It is not uncommon to see an ambulance caught in Nairobi’s nauseating traffic gridlock, sirens wailing at full blast with motorists unable to budge to give way.
When the overlapping starts, motorists compete for right of way, ending up with vehicles parked in a higgledy-piggledy state in the middle of the road with no space to move into.
In these circumstances, accidents are common. Motorcyclists, pedestrians, motorists, all in the race to reach- or exit- the city centre, find themselves blatantly breaking traffic rules and creating a window for disaster.
But on such a road in the past bereft of sanity, an installation of the Intelligent Transport System (ITS) seems to be solving the puzzle.
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Through analysis of historical and real-time traffic data, the ITS is able to predict congestion, thus commanding and dispatching traffic signal control that prompts traffic guidance.
The system has an automatic number plate recognition system that uses visual character recognition on pictures to read the registration plate of a vehicle.
The sensors, detecting the traffic situations at a junction, can release or stop traffic flow in neighbouring intersections. This is because they are interconnected and interdependent.
The lights “talk” to each other.
ITS employs intelligent cameras and variable timing traffic lights to manage traffic along the road, a classic demonstration of the use of Artificial Intelligence (AI).
Traffic snarl-ups and gridlocks cost Nairobi Sh50 million per day, according to a Kenya Urban Roads Authority (Kura) report. Considering the stress it induces on motorists and air pollution, the cost is a staggering Sh100 million a day.
Courtesy of the ITS, accidents have reduced dramatically along Ngong Road, where the project was piloted. The flow of traffic is unusually smooth.
Even the boda boda, not famed for observing rules, have now towed the line. The riders are controlled and seem to be in no particular rush, and this is a rare sight.
They wait patiently at the traffic lights. Perfunctorily, they check their mobile phones perhaps for a missed call or a text message.
The traffic light turns amber, then suddenly green, and a long queue of vehicles snake down Ring Road Kilimani, Nairobi.
Martin Njuguna, a boda boda rider in the city, has seen many of his colleagues crash to death and cannot overstate the importance of the traffic lights.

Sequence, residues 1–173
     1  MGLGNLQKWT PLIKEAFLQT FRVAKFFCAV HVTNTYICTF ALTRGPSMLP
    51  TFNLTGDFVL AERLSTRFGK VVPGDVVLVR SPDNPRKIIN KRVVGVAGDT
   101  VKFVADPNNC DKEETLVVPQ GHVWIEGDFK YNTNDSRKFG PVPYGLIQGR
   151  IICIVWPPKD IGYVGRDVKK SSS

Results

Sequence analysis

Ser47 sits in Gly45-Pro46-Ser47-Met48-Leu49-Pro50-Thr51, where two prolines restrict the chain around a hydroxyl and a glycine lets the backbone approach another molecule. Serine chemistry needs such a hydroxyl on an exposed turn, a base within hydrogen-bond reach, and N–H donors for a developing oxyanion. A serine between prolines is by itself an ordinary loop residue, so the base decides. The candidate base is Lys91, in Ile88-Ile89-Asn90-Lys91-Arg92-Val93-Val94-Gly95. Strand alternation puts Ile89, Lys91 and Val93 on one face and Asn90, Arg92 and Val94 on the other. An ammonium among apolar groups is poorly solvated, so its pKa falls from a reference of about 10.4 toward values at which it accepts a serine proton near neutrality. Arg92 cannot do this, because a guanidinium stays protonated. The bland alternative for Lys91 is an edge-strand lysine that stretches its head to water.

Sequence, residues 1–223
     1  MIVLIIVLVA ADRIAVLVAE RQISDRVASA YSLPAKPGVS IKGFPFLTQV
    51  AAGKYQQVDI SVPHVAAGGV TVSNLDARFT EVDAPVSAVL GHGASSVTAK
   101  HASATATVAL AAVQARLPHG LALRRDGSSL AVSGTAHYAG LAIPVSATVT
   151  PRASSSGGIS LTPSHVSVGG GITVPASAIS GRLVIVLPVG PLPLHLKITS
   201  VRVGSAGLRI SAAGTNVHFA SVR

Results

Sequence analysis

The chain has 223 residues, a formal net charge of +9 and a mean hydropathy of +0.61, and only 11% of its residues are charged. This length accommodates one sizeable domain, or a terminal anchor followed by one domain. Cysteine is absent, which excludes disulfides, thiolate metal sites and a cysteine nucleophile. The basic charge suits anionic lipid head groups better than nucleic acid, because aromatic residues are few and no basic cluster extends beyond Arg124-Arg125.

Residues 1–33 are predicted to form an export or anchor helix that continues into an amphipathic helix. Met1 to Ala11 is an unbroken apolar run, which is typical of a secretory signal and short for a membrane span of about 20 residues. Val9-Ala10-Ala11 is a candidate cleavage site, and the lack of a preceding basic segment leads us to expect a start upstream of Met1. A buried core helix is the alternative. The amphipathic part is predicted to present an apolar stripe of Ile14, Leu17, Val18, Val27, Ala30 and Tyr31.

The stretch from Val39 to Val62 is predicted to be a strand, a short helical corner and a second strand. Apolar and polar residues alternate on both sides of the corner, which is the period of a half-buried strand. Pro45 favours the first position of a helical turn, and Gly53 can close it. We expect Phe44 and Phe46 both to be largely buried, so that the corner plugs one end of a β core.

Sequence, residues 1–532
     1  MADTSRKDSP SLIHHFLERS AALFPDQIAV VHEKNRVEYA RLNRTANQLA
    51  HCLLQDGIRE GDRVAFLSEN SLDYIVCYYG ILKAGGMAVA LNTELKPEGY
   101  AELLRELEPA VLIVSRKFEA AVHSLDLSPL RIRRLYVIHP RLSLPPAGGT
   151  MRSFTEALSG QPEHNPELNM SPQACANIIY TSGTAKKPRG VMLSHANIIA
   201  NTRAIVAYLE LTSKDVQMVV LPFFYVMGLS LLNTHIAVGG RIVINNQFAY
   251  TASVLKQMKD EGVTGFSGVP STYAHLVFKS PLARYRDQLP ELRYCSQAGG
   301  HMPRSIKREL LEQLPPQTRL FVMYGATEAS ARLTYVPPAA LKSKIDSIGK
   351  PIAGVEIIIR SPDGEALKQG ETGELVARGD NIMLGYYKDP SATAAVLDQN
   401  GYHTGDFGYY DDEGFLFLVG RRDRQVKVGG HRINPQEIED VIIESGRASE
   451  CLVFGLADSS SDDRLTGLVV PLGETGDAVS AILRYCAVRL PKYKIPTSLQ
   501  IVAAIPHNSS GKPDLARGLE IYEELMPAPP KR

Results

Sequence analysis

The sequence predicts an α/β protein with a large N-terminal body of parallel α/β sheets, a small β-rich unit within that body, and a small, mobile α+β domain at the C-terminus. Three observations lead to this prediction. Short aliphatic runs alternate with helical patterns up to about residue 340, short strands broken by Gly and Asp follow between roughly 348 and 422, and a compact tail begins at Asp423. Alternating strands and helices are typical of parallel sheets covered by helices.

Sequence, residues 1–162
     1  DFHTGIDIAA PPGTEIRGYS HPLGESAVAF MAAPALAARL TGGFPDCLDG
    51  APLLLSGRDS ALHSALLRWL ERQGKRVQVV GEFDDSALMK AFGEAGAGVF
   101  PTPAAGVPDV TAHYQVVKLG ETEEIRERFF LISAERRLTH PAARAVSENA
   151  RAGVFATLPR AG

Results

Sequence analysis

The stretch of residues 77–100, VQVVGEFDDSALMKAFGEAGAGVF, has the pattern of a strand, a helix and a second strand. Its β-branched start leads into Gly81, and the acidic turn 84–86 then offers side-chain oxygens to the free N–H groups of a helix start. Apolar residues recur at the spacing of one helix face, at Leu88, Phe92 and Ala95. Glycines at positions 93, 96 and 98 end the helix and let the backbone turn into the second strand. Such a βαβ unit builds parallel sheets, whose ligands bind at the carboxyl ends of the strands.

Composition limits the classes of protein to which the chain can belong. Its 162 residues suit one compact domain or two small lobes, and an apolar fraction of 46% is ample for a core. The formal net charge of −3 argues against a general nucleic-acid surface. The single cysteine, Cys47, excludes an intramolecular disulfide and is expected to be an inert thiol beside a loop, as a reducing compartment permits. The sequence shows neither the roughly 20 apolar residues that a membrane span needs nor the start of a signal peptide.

Most of them have found themselves on the wrong side of the law, breaking traffic rules at will and inviting the wrath of the grim reaper when it was easier to avoid it. At the Kenyatta Hospital roundabout where he sits astride his motorcycle and waits for that intermittent trip, he remembers sad moments he has encountered on Ngong Road.
“Boda bodas rush into road intersections and sometimes into the path of speeding vehicles. There have been a lot of accidents on Ngong Road, especially at the junctions,” Njuguna says.
Even pedestrians have been crushed on the busy highway in the past.
Judith Anyango agrees.
From the vantage point her shop affords her along the road, she has seen many accidents occur in her 14 years there. But now, there is a sustained order courtesy of the ITS.
There is also an improved waiting time to average 22 seconds at the junctions
The lights, through creating a seamless transport system, will boost the transport sector which contributes considerably to the economy.
Data from the Kenya National Bureau of Statistics’ (KNBS) Economic Survey 2019 indicated an improved performance in the transport and storage sector, with the value of output increasing by 12.1 per cent to Sh1.4 trillion.
Over 470,000 people were engaged in the transport and communication sector in the year, as direct employees. That means making road use more efficient and easy has a multiplier effect on the economy, including more opportunities for people.
And while there is more stops as the traffic lights tend to turn red and green within very short periods of time, there is a whole new order on the roads.
Unlike the deception that the many red light flashes gives, that of slower flow of traffic, there is an improved waiting time to average 22 seconds at the junctions.
There is an unprecedented efficiency and effectiveness that even naive users can already feel. The roads are safer and smoother.
“The traffic flow is so well controlled, the accidents have reduced and the congestions that were brought about by senseless overlapping and blocking of the intersection have reduced,” says Boniface Mbure, a taxi driver.
The lights turn amber, then green. Mbure’s Toyota Vitz guns forward, this time just in time to avoid another red light. You cannot help but smile at the smoothness of traffic flow.